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Sharpening 101: the basics

There is nothing more frustrating than blunt knives. However, very few people sharpen their own knives. It doesn’t have to be that way. A little bit of maintenance won’t take you a lot of time and you can easily do it yourself. Saves you a whole lot of frustration. You can have someone sharpen your knives for you, but you could definitely also do it yourself. At home, on your countertop. We will give you five reasons why you should sharpen your knives yourself.

Why sharpen your knives?

The answer to the question ‘why sharpen your knives’ is simple: a razor-sharp knife is so much nicer to use. But there is more. By sharpening your knives yourself you extend the life of your knife. And did you know that blunt knives could do you more harm than sharp knives? Because you will apply more pressure to the knife you can also more easily lose control of it.

In addition, a blunt knife will not make your food taste better. Why? A blunt knife will push the juices from a product. And in exactly those juices does the flavour reside.

And, let’s face it, it is great fun to sharpen your own knives. You will experience step by step what happens to your knife when you sharpen it. As such you will really start to appreciate the knife to the fullest. Sharpening your own knives is fun, useful and not difficult at all!

What is sharp/blunt?

A sharp blade is very thin. Each knife will become blunter when you use it. Small burrs appear on the surface of the blade making the blade a little broader. This, unfortunately, is not something you can fix. The burrs cannot be seen, we are therefore not talking about ‘holes’ in your knife.

Don’t move your fingers alongside the blade to see if it is still sharp. By holding the blade up to the light you can check to see if your knife is still sharp. After all, a razor-sharp blade will not have any sparkling parts when you hold it up against the light.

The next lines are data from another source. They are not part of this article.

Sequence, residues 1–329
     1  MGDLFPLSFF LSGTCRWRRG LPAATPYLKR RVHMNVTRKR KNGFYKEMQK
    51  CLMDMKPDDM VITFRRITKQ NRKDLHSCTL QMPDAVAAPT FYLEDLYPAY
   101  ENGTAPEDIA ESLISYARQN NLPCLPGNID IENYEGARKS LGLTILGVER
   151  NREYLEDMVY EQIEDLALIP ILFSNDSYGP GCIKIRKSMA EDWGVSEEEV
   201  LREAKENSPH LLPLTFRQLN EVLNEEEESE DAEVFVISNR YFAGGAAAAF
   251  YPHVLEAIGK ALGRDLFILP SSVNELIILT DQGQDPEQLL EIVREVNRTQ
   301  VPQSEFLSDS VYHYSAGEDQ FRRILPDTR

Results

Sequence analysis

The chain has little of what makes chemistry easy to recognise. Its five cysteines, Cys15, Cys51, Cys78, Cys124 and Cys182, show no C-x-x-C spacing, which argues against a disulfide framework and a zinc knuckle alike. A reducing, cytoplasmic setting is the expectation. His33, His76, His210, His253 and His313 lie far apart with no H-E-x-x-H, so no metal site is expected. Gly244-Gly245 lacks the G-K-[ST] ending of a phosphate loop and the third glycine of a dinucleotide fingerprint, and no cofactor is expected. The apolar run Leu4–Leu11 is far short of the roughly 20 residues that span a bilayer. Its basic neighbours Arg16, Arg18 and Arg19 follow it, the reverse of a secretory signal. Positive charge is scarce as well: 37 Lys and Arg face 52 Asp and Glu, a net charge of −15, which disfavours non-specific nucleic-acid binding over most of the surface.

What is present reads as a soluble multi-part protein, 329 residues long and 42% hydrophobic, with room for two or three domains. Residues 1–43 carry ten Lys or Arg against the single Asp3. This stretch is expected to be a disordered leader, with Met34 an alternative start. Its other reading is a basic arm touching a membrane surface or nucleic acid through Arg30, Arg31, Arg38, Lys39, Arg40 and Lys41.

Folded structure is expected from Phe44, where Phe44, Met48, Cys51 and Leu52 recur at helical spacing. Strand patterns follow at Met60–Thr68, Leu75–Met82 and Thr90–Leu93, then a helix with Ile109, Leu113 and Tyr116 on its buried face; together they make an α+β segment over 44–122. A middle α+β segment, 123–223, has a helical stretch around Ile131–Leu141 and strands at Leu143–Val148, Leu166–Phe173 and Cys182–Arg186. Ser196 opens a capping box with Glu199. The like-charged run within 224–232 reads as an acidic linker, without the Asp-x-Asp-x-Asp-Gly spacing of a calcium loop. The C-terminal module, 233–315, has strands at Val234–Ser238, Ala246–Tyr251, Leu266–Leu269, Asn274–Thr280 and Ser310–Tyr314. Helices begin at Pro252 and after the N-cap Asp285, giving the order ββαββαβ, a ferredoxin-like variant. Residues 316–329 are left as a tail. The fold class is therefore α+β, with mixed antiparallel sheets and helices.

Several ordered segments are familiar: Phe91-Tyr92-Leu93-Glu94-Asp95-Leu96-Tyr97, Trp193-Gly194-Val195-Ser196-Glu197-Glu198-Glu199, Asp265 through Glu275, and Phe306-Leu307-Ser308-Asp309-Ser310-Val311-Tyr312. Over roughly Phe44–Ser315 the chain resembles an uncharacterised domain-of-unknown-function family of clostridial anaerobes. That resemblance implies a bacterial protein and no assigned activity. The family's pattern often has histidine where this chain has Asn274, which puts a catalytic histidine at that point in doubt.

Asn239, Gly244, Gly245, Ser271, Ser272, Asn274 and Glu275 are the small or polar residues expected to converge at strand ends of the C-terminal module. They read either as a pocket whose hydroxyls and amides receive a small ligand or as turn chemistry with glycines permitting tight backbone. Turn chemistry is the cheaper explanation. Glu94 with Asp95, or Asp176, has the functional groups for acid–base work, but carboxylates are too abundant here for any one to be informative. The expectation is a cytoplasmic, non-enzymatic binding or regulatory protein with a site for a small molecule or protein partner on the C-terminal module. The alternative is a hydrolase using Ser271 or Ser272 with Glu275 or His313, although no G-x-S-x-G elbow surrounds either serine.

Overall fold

Not convinced? A simple check to see if your knife is sharp is the tomato test. The knife should be able to cut through the tomato without making dents in it. If the tomato does not lose its shape your knife is still sharp. If it does, sharpen it!

What is sharpening?

When you sharpen your knife you, with the help of tools, remove material until the blade has gotten the right shape. A knife can be maintained and sharpened in many different ways. Each method knows its own techniques, depending on the desired result. Perhaps you just started sharpening your knives, perhaps you have been doing it for years. One thing is clear: there is a perfect sharpening method for everyone. We will list them for you.

Honing steel

You cannot sharpen your knives with a regular honing steel. When you are dealing with a blunt steel knife, it means that the burr on the blade is starting to curl. A honing steel will straighten out the bur and put it back on the blade. A really blunt knife will not become sharper when you use a honing steel. You will need a different method to achieve that. A honing steel can be used for the light maintenance of a sharp knife. Want to learn more about honing steels and how to use them? Check out our page with all our honing steels.

Sharpening steels